Australian Aboriginal News & Current Affairs The most up-to-date and relevant news stories regarding Aboriginal culture

Do you want to be the owner of this superb concert class Didj? Just answer our Questionnaire

Win a Concert Class Didj!

Visit The Didjshop - the largest and most extensive virtual didjeridu shop

Have a read of the comments left by visitors to the didjshop

Now to the story...

Croker Island reeling after cyclone

Extract from Australian Broadcasting Corporation - ABC Online, on 14 March 2005

Cyclone Ingrid has left the 200 residents of Croker Island, about 200 kilometres north-east of Darwin, with no running water and only enough food for two days.

The cyclone struck Croker early yesterday and its devastating path across the island can be seen from the air, with trees stripped bare for kilometres.

The Jarbu fishing lodge is obliterated and most buildings are extensively damaged, including the school and teachers' accommodation.

Survivors say they cannot believe no-one was killed or injured.

Power lines have been extensively damaged on Croker Island and at Nguiu on Bathurst Island but the power houses were not affected.

Croker residents are using their bare hands and limited machinery to clear access for Power and Water Authority workers who are expected to land this afternoon.


Power and Water Corporation contractors have flown to a number of communities on the Tiwi Islands to restore lines. But wind has prevented them from flying to Melville Island.

The corporation's Bertram Birk says power lines and the power house that services Milikapiti and Pirlangimpi are damaged.

"We've got the planes all on stand-by, we just need clearances to get there, with both staff and contractors," he said.

"But we really need to do an assessment on the ground so we can clearly document what materials we need and make arrangements to get them over there."

Contact has been re-established with all remote communities in the Northern Territory's Top End.

Police were most concerned about the Milikapati community, which does not have a police presence.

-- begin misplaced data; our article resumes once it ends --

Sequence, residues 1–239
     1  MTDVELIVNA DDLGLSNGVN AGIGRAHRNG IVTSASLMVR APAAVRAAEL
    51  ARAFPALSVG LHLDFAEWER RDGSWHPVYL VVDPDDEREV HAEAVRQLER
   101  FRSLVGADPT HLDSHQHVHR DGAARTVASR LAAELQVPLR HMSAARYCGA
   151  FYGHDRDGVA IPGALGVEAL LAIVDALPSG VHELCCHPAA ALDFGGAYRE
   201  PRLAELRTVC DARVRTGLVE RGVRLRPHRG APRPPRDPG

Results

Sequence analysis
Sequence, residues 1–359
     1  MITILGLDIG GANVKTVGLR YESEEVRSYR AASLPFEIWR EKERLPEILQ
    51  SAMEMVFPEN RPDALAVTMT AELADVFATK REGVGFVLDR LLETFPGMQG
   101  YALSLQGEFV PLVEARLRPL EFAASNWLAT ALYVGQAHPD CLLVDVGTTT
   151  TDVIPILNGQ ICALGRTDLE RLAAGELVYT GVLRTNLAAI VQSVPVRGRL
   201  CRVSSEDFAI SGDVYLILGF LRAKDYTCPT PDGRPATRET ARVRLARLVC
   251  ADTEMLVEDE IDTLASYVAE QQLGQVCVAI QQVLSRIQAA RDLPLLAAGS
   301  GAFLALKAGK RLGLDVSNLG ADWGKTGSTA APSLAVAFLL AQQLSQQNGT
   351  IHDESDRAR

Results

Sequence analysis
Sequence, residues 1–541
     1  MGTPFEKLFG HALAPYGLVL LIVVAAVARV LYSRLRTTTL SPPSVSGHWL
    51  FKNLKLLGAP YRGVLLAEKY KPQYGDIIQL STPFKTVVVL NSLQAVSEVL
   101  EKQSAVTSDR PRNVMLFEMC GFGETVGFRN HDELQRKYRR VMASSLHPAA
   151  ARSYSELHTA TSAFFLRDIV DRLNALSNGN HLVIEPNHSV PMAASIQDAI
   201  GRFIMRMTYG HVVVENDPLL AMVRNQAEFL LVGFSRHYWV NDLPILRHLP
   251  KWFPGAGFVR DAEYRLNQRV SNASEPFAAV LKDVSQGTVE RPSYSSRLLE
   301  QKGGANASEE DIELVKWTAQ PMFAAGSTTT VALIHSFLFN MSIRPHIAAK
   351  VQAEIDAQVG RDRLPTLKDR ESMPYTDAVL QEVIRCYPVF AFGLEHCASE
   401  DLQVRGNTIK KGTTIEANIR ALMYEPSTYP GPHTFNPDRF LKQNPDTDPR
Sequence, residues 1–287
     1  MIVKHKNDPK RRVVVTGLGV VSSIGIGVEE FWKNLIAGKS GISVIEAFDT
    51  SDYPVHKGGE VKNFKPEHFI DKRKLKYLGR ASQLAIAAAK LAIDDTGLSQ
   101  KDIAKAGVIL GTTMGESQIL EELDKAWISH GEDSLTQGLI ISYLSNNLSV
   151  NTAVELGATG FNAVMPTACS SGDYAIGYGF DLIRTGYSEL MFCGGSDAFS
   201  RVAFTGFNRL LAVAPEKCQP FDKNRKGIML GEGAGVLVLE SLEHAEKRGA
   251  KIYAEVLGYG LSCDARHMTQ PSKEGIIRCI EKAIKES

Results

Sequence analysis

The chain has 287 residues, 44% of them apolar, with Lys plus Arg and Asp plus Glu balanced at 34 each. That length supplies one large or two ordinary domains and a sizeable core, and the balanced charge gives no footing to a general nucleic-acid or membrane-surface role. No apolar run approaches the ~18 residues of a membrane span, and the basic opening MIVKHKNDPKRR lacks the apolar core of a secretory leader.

The core of the cyclone passed close by, with winds reaching more than 200 kilometres per hour.

But Northern Territory police say that while the community has no power or water, it received minimal structural damage.

In Nguiu, a house and store were damaged and in Pirlangimpi a house was flattened.

Parts of the school roof are missing at Snake Bay.

Cost unclear

Police say they are unable to put a figure on the cost of cyclone damage to communities.

But Commander Max Pope says a pearling operation at Nhulunbuy, on the north-east coast of Arnhem Land, suffered about $1 million damage.

Commander Pope says six vessels in the pearling fleet were sunk or damaged when the operation took a direct hit from the cyclone.

Meanwhile, a recovery team will be sent to Elcho Island, off the north Arnhem Land coast to rescue ten people who were stranded after Ingrid lashed the region.

Heavy rain cut roads to the community, so the residents were unable to return.

Commander Pope says that, while they do not have much shelter, the residents do have some supplies.

The Bureau of Meteorology says Cyclone Ingrid has completely crossed the Tiwi Islands and is now in the Timor Sea.

Ingrid is still listed as a category 3 cyclone.

It is moving west-south-west at 10 kilometres an hour, away from Darwin.

A cyclone warning continues for coastal and island communities between Cape Hotham and Daly rivermouth, including the Tiwi Islands and Darwin.

A cyclone watch extends south-west to Mitchell Plateau in Western Australia.

Return to Top

Return to The Didjshop's Aboriginal News Web Log

Links to other web sites about Aboriginal Australia

Visit The Didjshop

Check out the world's coolest shop for didgeridoos

Click here to receive occasional email Newsletters from The Didjshop

The Didgeridoo Specialist - founder of